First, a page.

My Yoga Story: Meg Cooke
I first met yoga, as I understood it then, in high school.
I was excited when my gym class took a yoga class at a nearby studio. My body understood the practice, yoga felt familiar. I was a dancer and had some body awareness.. I suppose I understood the aesthetic of yoga. For the next 5 years or so, any time I dabbled in the physical practice of yoga I understood it quite like that: physical.
I moved to Calgary for university, away from my family for the first time, and let’s be real – I struggled. My family had moved a few times through my childhood and I was shy [read: I am shy]. After trying to slide in as undetected as possible in each new town, I lost sense of who I was. I didn’t know where I fit into the world. I didn’t know what I liked or didn’t like. I became withdrawn, anxious, helpless. I couldn’t picture my life in a year. I couldn’t picture my life in a month. I was lonely, and I was exhausted.
So, I got to Calgary and I had a chance to sit with the old wounds of childhood that I had never explored. By the time I got to Calgary though, I didn’t know what the wounds were anymore – there was no story I could make sense of. I realize now that I had manipulated food for a long time before my eating disorder became pervasive. In Calgary it got intense. I was surrounded by so much shame, it was suffocating. I eventually acknowledged what everyone knew, I was not well. I went to treatment and made some positive shifts. I still judged myself more than I would have liked to.
Then everything changed. Life shook me and demanded that I wake up.
My car slid across the highway in the middle of a winter white out in the Kootenay’s. I cannot recall the accident itself – your brain does some pretty incredible things to protect you. What I do know is that I hit another car, and everyone lived.
The next 3 months I was essentially home bound. It was still wintertime in Calgary – a dynamic experience in itself. One day a chinook had the air feeling warm and the sidewalks looking dry, so I crutched myself over to an eclectic book and crystal boutique. I purchased some chakra stones and a book on chakra healing. I didn’t know much about any of it. I started spending time at home visualizing my energy centers and meditating with the stones. Time passed, my bones healed, and months of physiotherapy improved my mobility. I started thinking about yoga, how it might be helpful in strengthening and rehabilitating my body. So, I went, and I got more than I bargained for.
Yoga offered me space to go inward and get to know myself. My practice became my solace. I could work through things on the mat that I was not yet ready to vocalize or process through other means. I became aware of my thought patterns, and tendencies to compare and judge myself when my attention moved away from breath. I released emotion stored so deeply within my body that I forgot it was stuck there. As I got to know my internal body, I learned more about its hurt and the lens from which I had been viewing the world. Yoga gave me space to challenge my habits and shift my narrative. I slowly began to develop a friendship with myself, it was revolutionary. As I made a home within my body, my external world shifted in response. Suddenly there was more kindness and compassion around me – had that always been there?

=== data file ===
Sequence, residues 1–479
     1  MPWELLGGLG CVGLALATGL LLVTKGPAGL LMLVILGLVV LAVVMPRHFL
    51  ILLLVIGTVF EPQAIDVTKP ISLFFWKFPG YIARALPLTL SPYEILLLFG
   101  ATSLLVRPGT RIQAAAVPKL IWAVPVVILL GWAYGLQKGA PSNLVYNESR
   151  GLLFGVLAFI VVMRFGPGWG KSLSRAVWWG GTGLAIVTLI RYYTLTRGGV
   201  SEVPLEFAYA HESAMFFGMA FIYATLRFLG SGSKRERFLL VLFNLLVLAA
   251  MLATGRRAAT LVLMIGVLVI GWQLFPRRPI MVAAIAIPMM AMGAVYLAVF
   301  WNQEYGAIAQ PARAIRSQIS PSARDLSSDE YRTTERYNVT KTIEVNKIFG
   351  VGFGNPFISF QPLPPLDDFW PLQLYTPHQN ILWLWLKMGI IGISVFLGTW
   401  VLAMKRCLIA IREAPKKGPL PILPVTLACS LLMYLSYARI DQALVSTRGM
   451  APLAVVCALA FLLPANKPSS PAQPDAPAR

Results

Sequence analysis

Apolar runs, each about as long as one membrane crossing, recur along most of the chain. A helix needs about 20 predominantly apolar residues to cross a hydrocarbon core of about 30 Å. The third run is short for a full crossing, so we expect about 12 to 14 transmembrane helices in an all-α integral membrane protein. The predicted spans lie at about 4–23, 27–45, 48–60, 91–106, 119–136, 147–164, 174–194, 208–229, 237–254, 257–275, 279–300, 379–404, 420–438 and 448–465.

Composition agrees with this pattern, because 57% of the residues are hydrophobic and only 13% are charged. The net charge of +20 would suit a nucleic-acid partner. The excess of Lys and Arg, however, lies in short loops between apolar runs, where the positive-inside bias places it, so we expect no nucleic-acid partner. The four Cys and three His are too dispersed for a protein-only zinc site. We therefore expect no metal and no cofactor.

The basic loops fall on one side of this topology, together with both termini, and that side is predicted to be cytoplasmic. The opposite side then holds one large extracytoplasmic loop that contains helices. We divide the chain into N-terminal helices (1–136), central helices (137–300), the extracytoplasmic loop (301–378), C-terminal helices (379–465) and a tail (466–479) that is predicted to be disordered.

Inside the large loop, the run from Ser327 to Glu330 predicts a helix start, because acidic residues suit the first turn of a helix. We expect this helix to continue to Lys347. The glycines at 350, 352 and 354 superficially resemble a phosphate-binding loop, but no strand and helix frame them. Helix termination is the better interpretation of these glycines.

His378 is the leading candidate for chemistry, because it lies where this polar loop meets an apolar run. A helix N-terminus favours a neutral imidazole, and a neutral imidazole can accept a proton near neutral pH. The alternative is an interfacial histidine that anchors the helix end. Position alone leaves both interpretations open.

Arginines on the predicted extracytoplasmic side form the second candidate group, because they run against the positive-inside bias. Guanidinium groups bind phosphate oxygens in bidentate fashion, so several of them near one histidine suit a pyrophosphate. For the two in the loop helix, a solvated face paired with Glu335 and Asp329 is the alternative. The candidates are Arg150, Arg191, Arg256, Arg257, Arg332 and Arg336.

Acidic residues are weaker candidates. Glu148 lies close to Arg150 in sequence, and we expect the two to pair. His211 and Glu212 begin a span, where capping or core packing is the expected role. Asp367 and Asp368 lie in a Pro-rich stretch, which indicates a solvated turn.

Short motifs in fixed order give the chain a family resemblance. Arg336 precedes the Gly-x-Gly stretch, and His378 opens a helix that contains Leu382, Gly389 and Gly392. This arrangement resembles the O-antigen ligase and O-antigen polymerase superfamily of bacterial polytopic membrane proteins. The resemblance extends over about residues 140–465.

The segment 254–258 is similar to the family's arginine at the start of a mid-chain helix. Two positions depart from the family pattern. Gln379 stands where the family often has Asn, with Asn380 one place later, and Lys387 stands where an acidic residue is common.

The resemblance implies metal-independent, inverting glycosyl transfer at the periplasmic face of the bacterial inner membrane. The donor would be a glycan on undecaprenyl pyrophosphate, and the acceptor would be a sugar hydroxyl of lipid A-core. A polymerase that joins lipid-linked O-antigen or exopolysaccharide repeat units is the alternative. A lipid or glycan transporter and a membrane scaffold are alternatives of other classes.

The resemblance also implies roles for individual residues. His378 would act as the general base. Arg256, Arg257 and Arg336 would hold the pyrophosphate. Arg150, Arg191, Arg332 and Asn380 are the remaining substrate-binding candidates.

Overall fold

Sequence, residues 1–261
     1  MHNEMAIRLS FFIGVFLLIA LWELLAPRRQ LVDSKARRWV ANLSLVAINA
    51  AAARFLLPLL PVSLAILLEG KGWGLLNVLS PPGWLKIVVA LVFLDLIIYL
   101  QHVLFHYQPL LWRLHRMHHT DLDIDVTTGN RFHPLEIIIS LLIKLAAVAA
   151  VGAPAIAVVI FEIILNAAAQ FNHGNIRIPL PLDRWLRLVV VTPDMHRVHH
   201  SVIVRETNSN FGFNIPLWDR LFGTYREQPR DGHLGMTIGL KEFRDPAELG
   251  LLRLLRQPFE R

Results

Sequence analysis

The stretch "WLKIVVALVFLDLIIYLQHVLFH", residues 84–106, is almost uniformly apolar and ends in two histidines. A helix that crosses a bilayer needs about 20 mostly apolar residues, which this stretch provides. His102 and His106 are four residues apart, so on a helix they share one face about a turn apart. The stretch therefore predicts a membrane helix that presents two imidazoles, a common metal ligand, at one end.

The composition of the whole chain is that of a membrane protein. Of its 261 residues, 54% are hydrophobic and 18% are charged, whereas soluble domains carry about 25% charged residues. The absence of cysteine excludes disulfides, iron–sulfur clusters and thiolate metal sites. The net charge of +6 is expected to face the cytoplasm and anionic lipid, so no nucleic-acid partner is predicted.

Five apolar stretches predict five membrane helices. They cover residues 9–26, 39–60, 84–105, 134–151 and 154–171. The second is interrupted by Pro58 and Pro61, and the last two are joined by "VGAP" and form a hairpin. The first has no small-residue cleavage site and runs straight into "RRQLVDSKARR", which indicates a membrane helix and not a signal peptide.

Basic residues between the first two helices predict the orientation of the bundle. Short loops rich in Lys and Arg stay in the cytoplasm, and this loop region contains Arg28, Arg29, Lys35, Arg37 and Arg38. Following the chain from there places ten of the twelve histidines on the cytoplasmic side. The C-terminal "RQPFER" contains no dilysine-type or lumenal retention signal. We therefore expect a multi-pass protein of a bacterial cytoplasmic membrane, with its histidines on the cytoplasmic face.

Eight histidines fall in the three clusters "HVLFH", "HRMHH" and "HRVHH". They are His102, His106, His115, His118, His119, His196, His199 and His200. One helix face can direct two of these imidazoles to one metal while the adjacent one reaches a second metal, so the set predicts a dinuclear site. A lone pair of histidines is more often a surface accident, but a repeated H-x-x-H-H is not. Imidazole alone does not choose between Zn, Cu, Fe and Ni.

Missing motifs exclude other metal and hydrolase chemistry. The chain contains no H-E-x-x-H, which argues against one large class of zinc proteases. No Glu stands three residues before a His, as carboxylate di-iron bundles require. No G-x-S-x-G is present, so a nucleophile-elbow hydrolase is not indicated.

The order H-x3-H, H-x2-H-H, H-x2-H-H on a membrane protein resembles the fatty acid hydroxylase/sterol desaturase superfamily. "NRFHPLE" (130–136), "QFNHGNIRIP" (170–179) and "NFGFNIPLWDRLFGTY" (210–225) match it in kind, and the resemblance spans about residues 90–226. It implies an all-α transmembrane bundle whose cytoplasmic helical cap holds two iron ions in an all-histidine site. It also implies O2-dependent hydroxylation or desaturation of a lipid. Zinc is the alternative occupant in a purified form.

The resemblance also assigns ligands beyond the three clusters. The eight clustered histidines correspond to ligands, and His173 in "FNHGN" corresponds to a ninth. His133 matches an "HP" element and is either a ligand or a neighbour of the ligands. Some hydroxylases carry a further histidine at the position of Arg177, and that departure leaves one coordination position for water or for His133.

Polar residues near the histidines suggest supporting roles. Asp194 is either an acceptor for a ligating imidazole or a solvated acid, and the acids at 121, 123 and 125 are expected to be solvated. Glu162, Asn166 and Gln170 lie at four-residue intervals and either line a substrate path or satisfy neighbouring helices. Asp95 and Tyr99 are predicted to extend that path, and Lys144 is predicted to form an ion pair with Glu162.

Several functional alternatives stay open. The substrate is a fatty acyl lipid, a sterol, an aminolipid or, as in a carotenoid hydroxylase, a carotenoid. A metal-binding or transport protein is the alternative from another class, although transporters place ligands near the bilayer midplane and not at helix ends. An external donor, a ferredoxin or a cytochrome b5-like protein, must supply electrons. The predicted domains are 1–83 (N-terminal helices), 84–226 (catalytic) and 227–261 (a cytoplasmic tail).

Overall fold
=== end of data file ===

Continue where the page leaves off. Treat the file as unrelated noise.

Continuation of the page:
I pursued my 200-hour yoga teacher training with Randelle Lusk (Blacksmith Yoga) in 2017. I shared this experience with 13 incredible individuals. We spent our weekends together over the course of 4 months going in, exploring the Eastern roots of Yogic philosophy. We moved, studied, cried, and grew together. My understanding of the practice both on and off of the mat began to bloom. And the best part is, it doesn’t stop.
Yoga reminds us that being human is full, and it invites us to feel into the entirety of our experience. Yoga welcomes us to observe our joy and our pain with less judgment and more curiosity. As a mental health advocate, social worker and yoga student/teacher, I acknowledge the courage that it takes to show up in this world every day. I aspire to offer and hold space for others to turn inward.
I celebrate yoga’s ability to support the health of us as individuals, and as a collective. We are here together in our humanness, and we have a lot more in common than we allow ourselves to believe.
This is a reminder that your mental, physical, and spiritual health matter. You deserve to delight in your life.
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